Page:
Local author James L. Neibaur nears a milestone: 30 published books | Local News
Editor’s Note: There is a brief reference to suicide in this report.
James L. Neibaur is from Racine and is due to publish his 30th book later this year.
RACINE – When James L. Neibaur first published his book in 1986, he thought it was coolest to see it on a bookshelf with the title and name on the back.
“I’m working on my 30th book and that (feeling) never went away,” said Neibaur, 63.
You heard him right: 30 books.
Neibaur was 16 when he started writing and filing articles about his favorite classics in magazines in the early 1970s. From there, “his interest in writing about film history increased”.
The book “A Butterfly in the Rain”, published in 2016, tells the story of the murder of 12-year-old Marion Parker in Los Angeles in 1927. It could be a full-length film, says Racine-born James L. Neibaur
Rowman & Littlefield Publishers
He has written and co-written film-for-film studies on icons such as Elvis Presley and Clint Eastwood. He also wrote a veritable crime book, “A Butterfly in the Rain,” about the 1927 murder of 12-year-old Marion Parker in Los Angeles, which is in the process of being adapted for a full-length film.
Neibaur writes almost two books a year, with 2020 being the year he wrote three books. His 30th book deals with the films by John Garfield, “The John Garfield Films”, which he plans to finish at the end of January.
But he looked back when he wrote his first book: “It sounded very daunting then, a whole book, 300 pages,” he said.
Writer’s block is not really in Neibaur’s dictionary. When he doesn’t feel like writing books, he writes reviews and essays on his personal website (jln4151.wixsite.com/jlneibaur-writer) or draws and paints.
The pandemic has helped Neibaur become more productive. His house is a “mancave” with books and DVDs neatly organized from floor to ceiling. An environment that helps him write.
Neibaur also writes three books with Gary Schneeberger, a reporter for the Journal Times from 1987-89. One of the books is about Frank Sinatra.
Schneeberger said his dream was to write a book with his best friend as the two share similar interests when it comes to entertainment.
“Being friends with someone for 35 years and finding a new aspect of that friendship, writing books together, was really sweet and rewarding,” said Schneeberger.
CLICK HERE to see a filmed interview with James L. Neibaur, published by The Criterion Channel, speaking about his book “The Case of Buster Keaton: His Films for MGM, Educational Pictures and Columbia”.
Single father with roots in education
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Neibaur’s wife Diana died in 1987, leaving behind a 3-year-old son, Max. From the time Max was born until about 2005, Neibaur said, he shifted his focus to being a single parent while serving as a special education for the Racine Unified School District worked.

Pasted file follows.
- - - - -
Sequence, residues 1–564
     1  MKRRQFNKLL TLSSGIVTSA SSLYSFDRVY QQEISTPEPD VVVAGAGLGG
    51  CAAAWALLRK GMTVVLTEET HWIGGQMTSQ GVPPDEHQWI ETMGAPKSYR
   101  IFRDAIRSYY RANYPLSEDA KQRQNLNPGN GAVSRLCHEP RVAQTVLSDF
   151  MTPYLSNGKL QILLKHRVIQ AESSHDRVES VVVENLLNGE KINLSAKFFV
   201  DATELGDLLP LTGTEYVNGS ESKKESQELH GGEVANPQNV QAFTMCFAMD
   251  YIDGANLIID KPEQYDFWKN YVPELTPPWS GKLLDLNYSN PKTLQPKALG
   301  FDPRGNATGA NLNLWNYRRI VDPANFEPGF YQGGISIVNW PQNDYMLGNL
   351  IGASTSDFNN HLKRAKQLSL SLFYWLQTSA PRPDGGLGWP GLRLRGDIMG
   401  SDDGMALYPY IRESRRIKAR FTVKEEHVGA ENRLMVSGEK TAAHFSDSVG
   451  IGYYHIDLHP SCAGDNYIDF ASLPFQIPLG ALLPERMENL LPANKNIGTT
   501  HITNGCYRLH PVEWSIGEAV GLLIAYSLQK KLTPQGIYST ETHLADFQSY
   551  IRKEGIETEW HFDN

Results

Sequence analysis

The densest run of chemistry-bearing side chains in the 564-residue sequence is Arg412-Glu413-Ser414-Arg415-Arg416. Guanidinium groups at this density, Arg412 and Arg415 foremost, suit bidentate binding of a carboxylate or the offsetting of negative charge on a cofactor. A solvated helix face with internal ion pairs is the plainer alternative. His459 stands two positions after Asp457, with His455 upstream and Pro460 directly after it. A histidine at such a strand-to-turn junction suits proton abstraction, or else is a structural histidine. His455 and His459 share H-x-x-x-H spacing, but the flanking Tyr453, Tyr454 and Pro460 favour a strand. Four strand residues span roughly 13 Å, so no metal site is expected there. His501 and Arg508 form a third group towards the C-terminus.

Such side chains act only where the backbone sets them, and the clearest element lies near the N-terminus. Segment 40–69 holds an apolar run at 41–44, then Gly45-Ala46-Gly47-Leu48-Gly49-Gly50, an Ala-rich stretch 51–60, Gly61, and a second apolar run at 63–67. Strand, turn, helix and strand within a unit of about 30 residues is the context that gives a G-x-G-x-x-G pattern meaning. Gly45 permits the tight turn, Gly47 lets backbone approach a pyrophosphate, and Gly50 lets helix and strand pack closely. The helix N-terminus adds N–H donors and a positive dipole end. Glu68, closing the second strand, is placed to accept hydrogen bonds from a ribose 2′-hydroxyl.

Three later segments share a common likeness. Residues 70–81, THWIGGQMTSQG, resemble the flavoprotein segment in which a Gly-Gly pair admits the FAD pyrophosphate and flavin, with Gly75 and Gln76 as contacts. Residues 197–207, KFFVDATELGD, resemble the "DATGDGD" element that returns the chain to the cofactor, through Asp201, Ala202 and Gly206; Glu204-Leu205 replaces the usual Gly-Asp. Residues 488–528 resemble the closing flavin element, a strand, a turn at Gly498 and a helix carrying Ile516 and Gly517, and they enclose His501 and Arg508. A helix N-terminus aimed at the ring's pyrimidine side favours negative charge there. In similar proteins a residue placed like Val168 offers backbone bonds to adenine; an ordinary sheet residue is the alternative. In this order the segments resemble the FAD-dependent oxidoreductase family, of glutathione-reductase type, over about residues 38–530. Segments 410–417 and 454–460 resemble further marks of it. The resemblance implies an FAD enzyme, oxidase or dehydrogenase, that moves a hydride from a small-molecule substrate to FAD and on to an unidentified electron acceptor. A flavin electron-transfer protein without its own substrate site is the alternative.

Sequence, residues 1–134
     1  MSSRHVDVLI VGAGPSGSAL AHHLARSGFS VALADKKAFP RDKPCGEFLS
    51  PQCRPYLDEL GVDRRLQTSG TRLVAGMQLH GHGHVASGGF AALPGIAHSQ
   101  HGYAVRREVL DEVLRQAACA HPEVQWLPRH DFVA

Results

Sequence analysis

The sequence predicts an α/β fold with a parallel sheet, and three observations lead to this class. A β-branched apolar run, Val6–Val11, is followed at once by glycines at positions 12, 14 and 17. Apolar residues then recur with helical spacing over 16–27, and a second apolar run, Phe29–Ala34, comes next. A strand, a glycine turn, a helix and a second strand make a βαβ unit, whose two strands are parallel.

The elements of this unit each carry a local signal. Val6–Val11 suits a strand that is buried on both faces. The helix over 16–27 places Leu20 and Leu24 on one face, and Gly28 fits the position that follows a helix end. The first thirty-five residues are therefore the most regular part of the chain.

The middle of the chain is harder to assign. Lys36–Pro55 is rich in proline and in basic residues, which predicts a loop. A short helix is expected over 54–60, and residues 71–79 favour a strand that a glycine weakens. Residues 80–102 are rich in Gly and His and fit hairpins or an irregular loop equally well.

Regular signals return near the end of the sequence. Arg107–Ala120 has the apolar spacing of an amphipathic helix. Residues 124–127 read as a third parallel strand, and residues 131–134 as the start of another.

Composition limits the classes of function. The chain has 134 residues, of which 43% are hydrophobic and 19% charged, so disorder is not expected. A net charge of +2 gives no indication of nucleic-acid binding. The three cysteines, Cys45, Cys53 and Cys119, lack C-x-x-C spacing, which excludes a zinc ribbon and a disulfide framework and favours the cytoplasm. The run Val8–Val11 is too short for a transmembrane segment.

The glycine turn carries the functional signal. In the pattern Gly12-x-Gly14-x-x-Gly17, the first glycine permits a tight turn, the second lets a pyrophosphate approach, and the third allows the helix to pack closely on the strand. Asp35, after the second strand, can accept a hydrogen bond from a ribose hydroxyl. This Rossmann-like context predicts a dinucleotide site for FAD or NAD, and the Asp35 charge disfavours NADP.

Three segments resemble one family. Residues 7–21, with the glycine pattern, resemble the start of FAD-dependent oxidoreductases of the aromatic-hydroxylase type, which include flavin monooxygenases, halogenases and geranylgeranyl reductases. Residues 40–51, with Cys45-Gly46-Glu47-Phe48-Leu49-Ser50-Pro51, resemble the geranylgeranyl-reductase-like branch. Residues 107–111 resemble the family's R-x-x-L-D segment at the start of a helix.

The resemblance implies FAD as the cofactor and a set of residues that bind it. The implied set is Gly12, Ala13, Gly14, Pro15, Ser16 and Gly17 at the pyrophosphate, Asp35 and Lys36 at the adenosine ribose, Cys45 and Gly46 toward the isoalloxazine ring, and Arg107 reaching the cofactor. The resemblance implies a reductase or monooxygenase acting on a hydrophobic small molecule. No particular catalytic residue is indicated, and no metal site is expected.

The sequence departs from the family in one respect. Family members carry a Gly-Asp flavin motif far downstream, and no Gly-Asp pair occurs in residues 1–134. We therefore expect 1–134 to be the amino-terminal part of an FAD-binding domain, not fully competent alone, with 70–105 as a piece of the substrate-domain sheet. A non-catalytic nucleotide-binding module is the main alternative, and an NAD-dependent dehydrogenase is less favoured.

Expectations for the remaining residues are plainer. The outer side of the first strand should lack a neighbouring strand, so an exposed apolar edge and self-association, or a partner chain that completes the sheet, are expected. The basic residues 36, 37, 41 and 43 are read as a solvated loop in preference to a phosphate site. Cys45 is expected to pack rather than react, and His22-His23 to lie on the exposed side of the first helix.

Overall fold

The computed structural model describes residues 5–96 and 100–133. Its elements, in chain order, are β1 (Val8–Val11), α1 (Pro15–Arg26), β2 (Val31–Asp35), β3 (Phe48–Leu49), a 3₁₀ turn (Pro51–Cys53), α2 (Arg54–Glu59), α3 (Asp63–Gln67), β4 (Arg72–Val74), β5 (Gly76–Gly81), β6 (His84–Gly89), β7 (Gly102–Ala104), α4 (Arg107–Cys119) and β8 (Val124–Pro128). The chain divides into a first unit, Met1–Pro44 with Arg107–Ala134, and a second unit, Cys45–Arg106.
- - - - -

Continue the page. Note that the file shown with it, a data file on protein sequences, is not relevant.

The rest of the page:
In 2011 Neibaur met Terri Lynch, an English teacher for RUSD. Although Neibaur took a break from writing books, he was still writing articles, and Lynch would edit them. Finally, Neibaur asked Lynch to look at a full-length book he was working on on Charlie Chaplin.
He said he would show Lynch each chapter when he finished. If she returned it with corrections, she asked for another chapter the next day. “I would say, ‘What! Do you want another chapter? «Neibaur laughed.
“For this very first book, I was thrilled to be part of a creative process,” said Lynch, 37.
Lynch gave Neibaur the motivation to start writing books again. By 2018, he was at what he thought was the perfect number of books to retire: 25.
Loss, depression, perseverance
His son Max died unexpectedly in the hospital in December 2018 after a minor operation. Neibaur said he didn’t feel suicidal after his son’s death, but there was a time when he “lay in bed hoping I wouldn’t wake up the next day. “
“It was the textbook definition of depression,” Neibaur continued. But he wanted to write again. “I thought if I got busy and productive again, maybe it would help me go through the process. There was a hole in my heart that I would never fill, so I had to see how I would survive. “
Neibaur said he was grateful for his support systems and other creative opportunities that helped him grieve.
“(Jim is) so strong and determined to overcome what life throws at him, and that productivity, that positive attitude, is really inspiring,” said Lynch.
The late actor and filmmaker Jerry Lewis, who died in 2017 at the age of 91, is holding a copy of The Jerry Lewis Films, a book co-written about Lewis’ films by local writer James L. Neibaur.
Passing on love for film history
Katie Carter, Neibaur’s current assistant editor, first started working with him in 2013. Neibaur said Carter, 30, has developed an interest in the subject of his books and would ask to watch classic movies.
After working with Neibaur, Carter said, “I feel a lot safer when I analyze films and can express my opinion better.”
Neibaur said he has signed contracts for at least six other books on actors like Judy Garland and Burt Reynolds and plans to cover the James Bond series.
“(Jim) digs so deep and reveals so much insight,” Schneeberger said of Neibaur’s books. “He really shaped film history.”
Neibaur’s books are available from the Racine Public Library and online bookstores such as indieBound.org, BN.com, and Amazon.com.
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